Copper’s contribution to Barrick’s bottom line is increasing as Pakistan project revived

For months, investors have been wondering how Toronto-based Barrick Gold Corp. would add to its future new project pipeline after it sat out a round of industry consolidation over the past couple of years.

Barrick partly answered that question on March 20, announcing a deal, in principle, with Pakistan’s government to restart work on Reko Diq, one of the world’s largest undeveloped copper and gold deposits.

Reko Diq, which many investors and analysts forgot about after a contentious legal dispute halted the project in 2011, would require billions of dollars of investment to build and take many years to complete. But it could potentially give Barrick a shot in the arm: past studies indicated the site contains billions of pounds of copper and millions of ounces of gold, and could produce for multiple decades.

“It’s still really early, so it’s hard for us to say what this all looks like,” said Jackie Przybylowski, an analyst at BMO Capital Markets, who covers Barrick. “But I think it’s just an example of how mining companies are having to move more into different jurisdictions, and less obvious ones, or less common ones.”

After more than a decade of scouring the United States, Canada, Latin America and Australia, many mining companies are increasingly looking in countries and jurisdictions that are less connected to the Western economies.

Barrick has long had a diversified geographic portfolio; it now has projects in various states of development in Japan, Egypt, Saudi Arabia, Papua New Guinea and Pakistan.

Przybylowski also noted that increasingly, the largest gold miners are looking at copper. This is in part because copper demand is expected to grow as a result of increased electrification and the energy transition, but also because geologically, recent discoveries have shown that copper often occurs alongside gold in large scale deposits.

A 2010 feasibility study of Reko Diq estimated the site could contain as much 54 billion pounds of copper and 42 million ounces of gold. In its 2010 annual report, Barrick said it envisioned building a mine in Pakistan that would produce 100,000 ounces of gold and between 150 to 160 million pounds of copper on average each year over the first five years. A lot has changed since then, and Barrick said it would need to update its projections based on current market conditions.

Barrick, which has long derived its profits from gold, is increasingly looking at copper.

“Copper’s contribution to the bottom line is increasing,” chief executive Mark Bristow said repeatedly during the company’s fourth-quarter earnings call on Feb. 16.

“We have every intention of growing our business, both in copper and in gold — or in gold and then in copper,” said Bristow. “And the principle behind Barrick’s business philosophy is high-quality assets. That’s our focus. And so that’s what we’re hunting, whether it’s gold or copper.”

But he also said the company has invested to embed copper expertise in its exploration teams because the copper business had not always been so profitable in the past.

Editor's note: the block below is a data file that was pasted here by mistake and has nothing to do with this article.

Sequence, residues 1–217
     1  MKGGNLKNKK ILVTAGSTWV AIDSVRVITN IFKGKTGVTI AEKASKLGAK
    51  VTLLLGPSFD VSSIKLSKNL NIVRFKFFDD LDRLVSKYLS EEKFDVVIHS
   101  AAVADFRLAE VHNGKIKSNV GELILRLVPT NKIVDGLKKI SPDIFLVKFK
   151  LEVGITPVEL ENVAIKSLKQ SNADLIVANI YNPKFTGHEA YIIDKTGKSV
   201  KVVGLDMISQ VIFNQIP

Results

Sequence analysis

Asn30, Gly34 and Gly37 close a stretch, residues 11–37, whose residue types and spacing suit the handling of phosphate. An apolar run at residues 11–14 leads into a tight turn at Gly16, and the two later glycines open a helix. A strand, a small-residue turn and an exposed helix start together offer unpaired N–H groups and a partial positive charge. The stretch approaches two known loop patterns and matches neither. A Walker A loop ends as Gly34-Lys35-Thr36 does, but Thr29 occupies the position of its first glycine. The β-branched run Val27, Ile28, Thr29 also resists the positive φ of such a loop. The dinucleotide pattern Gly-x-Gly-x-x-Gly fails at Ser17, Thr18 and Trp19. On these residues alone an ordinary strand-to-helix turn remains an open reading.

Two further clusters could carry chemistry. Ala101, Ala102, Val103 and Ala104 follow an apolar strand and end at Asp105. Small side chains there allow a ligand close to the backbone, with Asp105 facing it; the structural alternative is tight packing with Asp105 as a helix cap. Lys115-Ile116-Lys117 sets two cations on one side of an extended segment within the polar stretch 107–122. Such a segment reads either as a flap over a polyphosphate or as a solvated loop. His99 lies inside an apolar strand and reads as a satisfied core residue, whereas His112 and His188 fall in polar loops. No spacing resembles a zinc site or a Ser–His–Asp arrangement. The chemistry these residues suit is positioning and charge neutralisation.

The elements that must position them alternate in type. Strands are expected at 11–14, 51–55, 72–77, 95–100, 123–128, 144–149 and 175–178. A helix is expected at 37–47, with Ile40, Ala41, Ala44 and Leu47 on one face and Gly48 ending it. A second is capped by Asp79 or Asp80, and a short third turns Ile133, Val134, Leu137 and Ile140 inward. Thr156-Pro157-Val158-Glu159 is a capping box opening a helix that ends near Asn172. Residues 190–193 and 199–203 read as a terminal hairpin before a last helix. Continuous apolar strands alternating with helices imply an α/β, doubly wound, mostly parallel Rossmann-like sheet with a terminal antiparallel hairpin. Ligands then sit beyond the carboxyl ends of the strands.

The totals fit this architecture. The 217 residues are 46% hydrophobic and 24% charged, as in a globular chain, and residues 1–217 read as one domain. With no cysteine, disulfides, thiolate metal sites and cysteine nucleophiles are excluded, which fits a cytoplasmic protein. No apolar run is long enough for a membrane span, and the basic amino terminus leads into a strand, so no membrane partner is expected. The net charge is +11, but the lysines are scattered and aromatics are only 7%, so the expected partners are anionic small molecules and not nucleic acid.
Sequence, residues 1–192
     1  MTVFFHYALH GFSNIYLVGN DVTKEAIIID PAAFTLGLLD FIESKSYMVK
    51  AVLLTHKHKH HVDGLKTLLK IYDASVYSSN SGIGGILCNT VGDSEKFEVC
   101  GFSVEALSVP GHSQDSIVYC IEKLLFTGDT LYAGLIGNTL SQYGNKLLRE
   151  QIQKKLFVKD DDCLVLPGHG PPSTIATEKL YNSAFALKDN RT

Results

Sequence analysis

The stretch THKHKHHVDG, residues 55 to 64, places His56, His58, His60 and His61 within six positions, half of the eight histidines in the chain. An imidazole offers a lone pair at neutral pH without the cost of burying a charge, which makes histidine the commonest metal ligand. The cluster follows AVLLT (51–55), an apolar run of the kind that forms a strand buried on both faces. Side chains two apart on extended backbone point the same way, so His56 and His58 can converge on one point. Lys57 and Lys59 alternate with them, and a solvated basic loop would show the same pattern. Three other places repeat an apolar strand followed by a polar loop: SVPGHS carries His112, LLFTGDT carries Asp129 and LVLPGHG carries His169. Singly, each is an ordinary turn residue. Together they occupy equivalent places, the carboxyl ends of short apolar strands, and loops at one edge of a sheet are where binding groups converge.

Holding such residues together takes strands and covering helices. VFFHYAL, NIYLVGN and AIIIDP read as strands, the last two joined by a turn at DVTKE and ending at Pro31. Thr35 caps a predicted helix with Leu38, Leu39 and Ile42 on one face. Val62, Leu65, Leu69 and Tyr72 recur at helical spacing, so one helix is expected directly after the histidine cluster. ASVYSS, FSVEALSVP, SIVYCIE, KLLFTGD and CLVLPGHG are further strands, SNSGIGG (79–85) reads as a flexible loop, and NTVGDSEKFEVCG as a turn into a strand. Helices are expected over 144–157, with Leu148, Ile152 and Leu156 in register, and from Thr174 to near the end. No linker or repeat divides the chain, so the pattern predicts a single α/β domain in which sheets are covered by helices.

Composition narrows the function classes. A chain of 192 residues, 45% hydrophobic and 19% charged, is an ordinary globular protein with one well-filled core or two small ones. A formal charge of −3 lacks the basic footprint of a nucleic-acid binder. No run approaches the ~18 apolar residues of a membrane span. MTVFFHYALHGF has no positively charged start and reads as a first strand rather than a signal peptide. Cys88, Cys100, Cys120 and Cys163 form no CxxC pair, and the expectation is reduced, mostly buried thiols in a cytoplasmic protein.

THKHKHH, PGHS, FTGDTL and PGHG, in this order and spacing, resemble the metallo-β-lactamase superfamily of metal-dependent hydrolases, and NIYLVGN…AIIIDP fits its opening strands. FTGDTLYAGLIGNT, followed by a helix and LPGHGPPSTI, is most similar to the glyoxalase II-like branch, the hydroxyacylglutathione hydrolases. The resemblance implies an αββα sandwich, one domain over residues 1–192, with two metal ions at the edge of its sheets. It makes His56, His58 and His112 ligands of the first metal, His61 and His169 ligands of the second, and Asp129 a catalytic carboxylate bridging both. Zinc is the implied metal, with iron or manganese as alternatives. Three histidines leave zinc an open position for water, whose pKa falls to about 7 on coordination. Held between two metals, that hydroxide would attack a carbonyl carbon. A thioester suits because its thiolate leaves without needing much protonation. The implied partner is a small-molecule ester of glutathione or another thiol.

Bristow was not available to discuss his agreement with Pakistan on Reko Diq.

Under the framework agreement Barrick announced on March 20, the company would operate the mine and own 50 per cent of the project. The other 50 per cent would be divided between the government of the province of Balochistan and various state-owned enterprises. Barrick’s original partner, Antofagasta PLC, will be replaced in the project by the Pakistani parties.

Josh Wolfson, an analyst at RBC Capital Markets, wrote that the project could add at least two per cent to Barrick’s net asset value — based on the payout to Antofogasta, which was paid a reported US$900 million for its 37.5 per cent stake in the project.

The revival of Reko Diq marks a sharp reversal for a project that had been dropped from most of Barrick’s investor presentations years ago, only to resurface in 2019 when the World Bank’s International Centre for the Settlement of Investment Disputes ordered the Islamic Republic of Pakistan to pay US$5.83 billion to a Barrick Gold Corp. joint venture subsidiary for blocking the mining project.

The award included US$4.087 billion in damages, which the arbitrators calculated was the fair value of the Reko Diq project at the time of the arbitration and US$1.75 billion in ongoing interest, plus US$62 million in legal costs.

To put that into perspective, Pakistan’s military budget in 2020 was US$10.3 billion, according to the World Bank.

For that reason, many analysts doubted that Barrick would receive such a lump sum cash payment from Pakistan.

Others have criticized the investment-state arbitration forums that produce such awards, such as Gus Van Harten, a professor and associate dean at Osgoode Hall Law School, who said it tends to favour investors over states such as Pakistan.

“The difficulty with this award, and with all investment treaty arbitration awards since the arbitrations exploded about 20 years ago, is they emerge from a process which lacks institutional safeguards of judicial independence and procedural fairness,” Van Harten told the Financial Post in 2019. “As a result, in my view none of the outcomes have the credibility of a judicial decision.”

One filing from the legal dispute around Reko Diq showed that lawyers for Pakistan had claimed that no project of the size and scale of Reko Diq had ever been built in Balochistan, and that the mining exploration permit was never a guarantee a mining lease would be granted.

Nonetheless, Barrick appears to be moving toward a definitive agreement to restart development work on the mine.

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